A man in his thirties was ambushed in his vehicle last week by a man who not only got off the first shots, but who made the first hit. The victim of the attack rallies, however, drew his own firearm, and ended the threat on his life by being the better shooter.
A shooting victim exchanged gunfire with a suspect, killing him, in north St. Louis Thursday night
The 37-year-old victim told police he was in his vehicle in the 5700 block of Delmar when the suspect, later identified as 34-year-old Marcus Portis, approached him and began yelling while showing a gun around 7:20 p.m.
After approaching the victim, Portis reportedly fired several gunshots, striking the victim. Then, the victim got his own gun and returned fire, hitting the suspect.
According to police, after the gunshots were fired, Portis ran from the area and eventually collapsed.
Portis was pronounced dead at the scene.
The victim was taken to the hospital with a gunshot wound to the thigh and listed in stable condition.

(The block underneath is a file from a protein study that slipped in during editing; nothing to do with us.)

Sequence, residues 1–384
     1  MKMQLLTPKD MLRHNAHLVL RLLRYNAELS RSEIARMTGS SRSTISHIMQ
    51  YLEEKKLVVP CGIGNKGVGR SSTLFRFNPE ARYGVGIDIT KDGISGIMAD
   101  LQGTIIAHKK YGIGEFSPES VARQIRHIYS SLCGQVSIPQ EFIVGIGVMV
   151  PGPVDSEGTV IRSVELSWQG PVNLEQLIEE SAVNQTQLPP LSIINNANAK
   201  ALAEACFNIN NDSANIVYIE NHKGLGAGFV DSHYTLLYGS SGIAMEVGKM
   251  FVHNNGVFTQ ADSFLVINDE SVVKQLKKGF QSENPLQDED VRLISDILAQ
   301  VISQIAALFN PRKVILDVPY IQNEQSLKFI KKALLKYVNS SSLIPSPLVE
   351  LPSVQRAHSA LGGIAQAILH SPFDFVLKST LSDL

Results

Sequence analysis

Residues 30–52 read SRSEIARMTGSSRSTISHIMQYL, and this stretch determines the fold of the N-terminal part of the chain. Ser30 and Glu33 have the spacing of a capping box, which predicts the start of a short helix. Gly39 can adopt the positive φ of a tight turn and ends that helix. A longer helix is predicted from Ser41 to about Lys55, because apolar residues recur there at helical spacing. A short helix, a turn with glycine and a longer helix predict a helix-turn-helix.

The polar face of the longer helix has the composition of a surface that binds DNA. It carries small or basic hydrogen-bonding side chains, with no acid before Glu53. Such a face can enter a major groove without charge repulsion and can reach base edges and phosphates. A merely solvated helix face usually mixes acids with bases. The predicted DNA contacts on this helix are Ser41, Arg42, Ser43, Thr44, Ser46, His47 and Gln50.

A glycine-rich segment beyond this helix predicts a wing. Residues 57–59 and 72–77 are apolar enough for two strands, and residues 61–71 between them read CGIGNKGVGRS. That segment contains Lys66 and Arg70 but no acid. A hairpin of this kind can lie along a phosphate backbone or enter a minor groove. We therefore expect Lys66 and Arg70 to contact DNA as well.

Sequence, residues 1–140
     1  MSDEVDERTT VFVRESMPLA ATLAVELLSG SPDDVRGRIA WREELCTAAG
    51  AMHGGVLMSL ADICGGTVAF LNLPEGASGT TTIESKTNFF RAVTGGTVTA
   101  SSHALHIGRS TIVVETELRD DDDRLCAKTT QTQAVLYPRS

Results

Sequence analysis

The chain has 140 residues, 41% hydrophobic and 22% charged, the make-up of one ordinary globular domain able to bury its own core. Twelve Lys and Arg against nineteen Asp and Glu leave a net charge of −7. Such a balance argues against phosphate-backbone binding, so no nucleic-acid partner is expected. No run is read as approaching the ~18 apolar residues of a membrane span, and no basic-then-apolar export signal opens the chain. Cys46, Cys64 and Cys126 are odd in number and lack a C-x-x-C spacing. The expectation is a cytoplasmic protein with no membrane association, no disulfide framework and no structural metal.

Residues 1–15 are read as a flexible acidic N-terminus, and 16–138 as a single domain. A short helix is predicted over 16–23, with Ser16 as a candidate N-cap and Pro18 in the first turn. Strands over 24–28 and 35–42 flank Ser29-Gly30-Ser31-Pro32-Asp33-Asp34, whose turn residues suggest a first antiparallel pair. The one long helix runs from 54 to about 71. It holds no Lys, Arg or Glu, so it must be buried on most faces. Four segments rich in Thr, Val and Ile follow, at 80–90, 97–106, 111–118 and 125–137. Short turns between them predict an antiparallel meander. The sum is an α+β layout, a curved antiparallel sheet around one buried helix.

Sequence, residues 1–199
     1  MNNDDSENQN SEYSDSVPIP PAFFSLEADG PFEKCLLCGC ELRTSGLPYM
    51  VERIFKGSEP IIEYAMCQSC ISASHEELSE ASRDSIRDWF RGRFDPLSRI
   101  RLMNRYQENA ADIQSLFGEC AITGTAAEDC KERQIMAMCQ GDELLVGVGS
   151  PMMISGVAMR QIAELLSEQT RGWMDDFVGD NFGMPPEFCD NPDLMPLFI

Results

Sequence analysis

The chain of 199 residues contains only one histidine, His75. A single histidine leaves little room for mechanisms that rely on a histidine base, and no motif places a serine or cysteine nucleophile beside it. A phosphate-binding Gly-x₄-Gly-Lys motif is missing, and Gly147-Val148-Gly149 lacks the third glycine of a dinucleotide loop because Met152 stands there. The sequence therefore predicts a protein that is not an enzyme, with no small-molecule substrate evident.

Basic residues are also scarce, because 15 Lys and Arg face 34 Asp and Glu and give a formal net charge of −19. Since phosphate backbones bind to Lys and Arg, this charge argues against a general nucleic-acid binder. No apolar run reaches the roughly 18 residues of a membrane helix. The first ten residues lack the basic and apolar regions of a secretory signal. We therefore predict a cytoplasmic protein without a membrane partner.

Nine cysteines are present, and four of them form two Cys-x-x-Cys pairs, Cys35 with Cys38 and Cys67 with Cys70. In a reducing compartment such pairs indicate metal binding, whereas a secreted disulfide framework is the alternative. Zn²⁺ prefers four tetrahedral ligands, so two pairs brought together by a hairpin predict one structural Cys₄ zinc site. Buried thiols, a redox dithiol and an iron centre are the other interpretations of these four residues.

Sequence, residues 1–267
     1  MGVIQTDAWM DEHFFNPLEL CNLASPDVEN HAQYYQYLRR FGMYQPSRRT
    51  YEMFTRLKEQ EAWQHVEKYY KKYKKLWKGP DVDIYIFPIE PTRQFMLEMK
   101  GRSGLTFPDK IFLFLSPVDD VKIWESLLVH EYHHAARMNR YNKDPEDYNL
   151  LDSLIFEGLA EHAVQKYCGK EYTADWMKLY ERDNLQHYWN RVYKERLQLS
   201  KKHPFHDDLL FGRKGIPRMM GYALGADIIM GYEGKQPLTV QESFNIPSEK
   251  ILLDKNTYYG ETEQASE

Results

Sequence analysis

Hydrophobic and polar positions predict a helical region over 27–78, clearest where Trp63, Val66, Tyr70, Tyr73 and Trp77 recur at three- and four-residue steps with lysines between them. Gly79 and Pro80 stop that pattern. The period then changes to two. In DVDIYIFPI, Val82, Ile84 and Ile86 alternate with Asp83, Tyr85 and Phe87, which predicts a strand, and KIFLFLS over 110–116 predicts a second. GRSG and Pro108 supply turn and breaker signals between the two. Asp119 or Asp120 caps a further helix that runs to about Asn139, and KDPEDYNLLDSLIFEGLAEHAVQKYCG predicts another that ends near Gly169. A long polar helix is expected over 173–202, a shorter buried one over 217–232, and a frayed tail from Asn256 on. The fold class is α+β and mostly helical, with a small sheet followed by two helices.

It’s amusing to watch any number of social-media-obsessed shooters engaging (and sometimes missing) targets from near-contact range. I’m impressed by their ability to draw a gun and get a shot off quickly. I’m typically far less impressed with their shot placement, however, as even on their highly-edited “sizzle reels” they can be seen shooting high, low, and wide with boring regularity.
This shooting in St. Louis is an example of the “get the shots off quickly” mindset can fail in real-life encounters against a determined adversary. Marcus Portis had the element of surprise and launched an ambush on a man in a vehicle in what should have been a relatively simple attack to complete successfully. He failed, however, to make a single effective hit, missing his intended victim repeatedly and leaving him only with a thigh wound.
Despite being behind the curve, the victim was able to regroup, draw his own firearm, and put effective shots on Portis that killed him in his tracks.
Our victim, who is expected to recover, will see another day.
Portis is being refrigerated like a side of beef in the morgue.
Wyatt Earp had it right.
“Fast is fine, but accuracy is final.”